Posts Tagged ‘iTunes’
A rather laid back podcast to reunite us after a long break. Adam has no excuse however next week.
This episode we talk about WWDC, Instacast, Once Magazine, Paul Noble along with learning a language and Jonathan runs through his list of the podcasts he listens to. While an After Show is mentioned, there isn’t one, the recording doo hickey wasn’t running at 88mph and we didn’t have a bolt of lighting handy either so what we talked about wasn’t recorded, but it will be saved for a future show.
Instacast on the iTunes store (brilliant podcasting app)
Verto 26 by The North Face (possibly the most minimalistic bag for travel).
WINGStand for iOS
Photojournalismlinks by Mikko Takkunen
Episode Music by Ouinton (Radiohead’s Kid A and OK Computer in 8bit)
Just bought the Pro version of Instacast; a podcast manager for iOS.
It’s an excellent tool for finding and managing all the podcasts I currently listen too, a clear step up from the way iTunes manages podcast content. For me it was important it could import podcasts from the iPod app and allow me to listen to my podcasts continuously one after each another (this is the best obvious feature and the most annoying thing with iTunes and the iPod app).
For everyone else who might be interested, other tent-pole features are commenting, notifications and background downloading.
You don’t need to buy the Pro version unless you want smart playlists, but for the price of a chocolate bar/Starbucks coffee (standard is 69p/Pro version is an extra £1.49) there’s no reason to not go Pro and support an independent (and responsive) developer. Though I will say the basic functionality is probably enough for most of us, but it’s a karma thing for buying Pro for such a great app.
‘JPG’, which stands for journalism, photography and geek, is meant to be an extension of this website’s narrative; covering the same topics that I’m mostly interested. I’m getting to the point where I haven’t felt I should write about everything I come across and it is in my mind more engaging when two photographers discuss something like photography apps on the iPad/iPhone. Bringing Alex onboard helps in that sense.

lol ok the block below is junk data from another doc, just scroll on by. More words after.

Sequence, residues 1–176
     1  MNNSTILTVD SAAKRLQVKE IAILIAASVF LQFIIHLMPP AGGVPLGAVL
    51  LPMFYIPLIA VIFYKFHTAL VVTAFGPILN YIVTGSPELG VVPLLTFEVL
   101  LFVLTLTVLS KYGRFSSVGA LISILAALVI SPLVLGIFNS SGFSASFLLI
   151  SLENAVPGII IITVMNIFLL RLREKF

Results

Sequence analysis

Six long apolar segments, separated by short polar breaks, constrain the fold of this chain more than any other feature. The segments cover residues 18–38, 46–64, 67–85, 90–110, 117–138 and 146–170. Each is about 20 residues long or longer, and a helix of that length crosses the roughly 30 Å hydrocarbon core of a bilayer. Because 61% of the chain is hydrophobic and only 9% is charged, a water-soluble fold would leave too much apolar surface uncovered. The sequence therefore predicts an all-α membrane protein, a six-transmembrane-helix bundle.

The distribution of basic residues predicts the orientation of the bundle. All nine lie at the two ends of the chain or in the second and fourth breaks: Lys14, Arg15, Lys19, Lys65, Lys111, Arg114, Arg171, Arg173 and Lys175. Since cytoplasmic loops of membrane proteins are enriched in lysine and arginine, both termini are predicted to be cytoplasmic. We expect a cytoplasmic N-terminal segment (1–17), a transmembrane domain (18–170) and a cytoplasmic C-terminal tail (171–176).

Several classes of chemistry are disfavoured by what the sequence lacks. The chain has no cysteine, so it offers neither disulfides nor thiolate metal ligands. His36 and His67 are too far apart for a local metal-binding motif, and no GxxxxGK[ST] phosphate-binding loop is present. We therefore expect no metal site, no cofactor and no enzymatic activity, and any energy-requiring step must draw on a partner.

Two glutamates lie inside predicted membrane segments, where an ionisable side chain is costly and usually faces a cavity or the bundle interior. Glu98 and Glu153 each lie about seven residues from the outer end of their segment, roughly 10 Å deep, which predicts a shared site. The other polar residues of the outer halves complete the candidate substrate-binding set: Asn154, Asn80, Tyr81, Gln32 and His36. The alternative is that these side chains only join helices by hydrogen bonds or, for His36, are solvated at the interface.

We will be having irregularly timed podcasts, probably one or two a month (bandwidth permitting). Our aim isn’t to be an up-to-the-minute news show, there are enough of them (and better ones) out there. Again the style of the podcast will be much in the vain of this website, longer analysis, reviews of photography apps and sometimes just a bit of geek discussion. My aim is to get the balance of serious discussion and light hearted discussion right. Overall I want all the topics to be fun, but to be informative at the same time.
The Podcast’s art work is still being worked up. Later today I will create some sort of Podcast page s well.
If you download and listen I hope you stick around as this podcast idea expands, the first show is a bit raw and unplanned (as the title alludes to), but I thank you for listening.
An irregular podcast featuring your host Jonathan, with alternating guests Alex and Adam. In each podcast we’ll talk about what’s happening in the world of journalism, photography, mixed in with plenty of geek; where geek can bring almost literally anything to the discussion table.
In our first episode we get to grips with podcasting while at the same time discussing what is probably the best iOS Photography Magazine on the Apple App Store in the form of ‘Once Magazine’(but most definitely the best magazine overall), Apple’s 25 Billion Apps promo, a slew of iOS photography Apps for the iPhone and iPad, a curious iPhone case, a music recommendation and a year’s break to Canada.
iOS App - Once Magazine (iPad Only)
iOS App - F8 Magazine (iPad Only)
iOS App - 360 Panorama
iOS App - PhotoSynth
iOS App - Nostalgio
iOS App - PicStitch
iOS App - KinoTopic
‘Maybe it’s My Fault’ (Jordan Commercial, Youtube Link)
iPhone RangeFinder Case (Photojojo)
The twelfth interview from a series of interviews with Photographers and iOS Developers alike. All of them develop portfolio Apps for Apple’s iPad and iPhone in some way. This interview is with Alrik Swagerman based in Rotterdam. Co-founder of the online portfolio service Viewbook.com.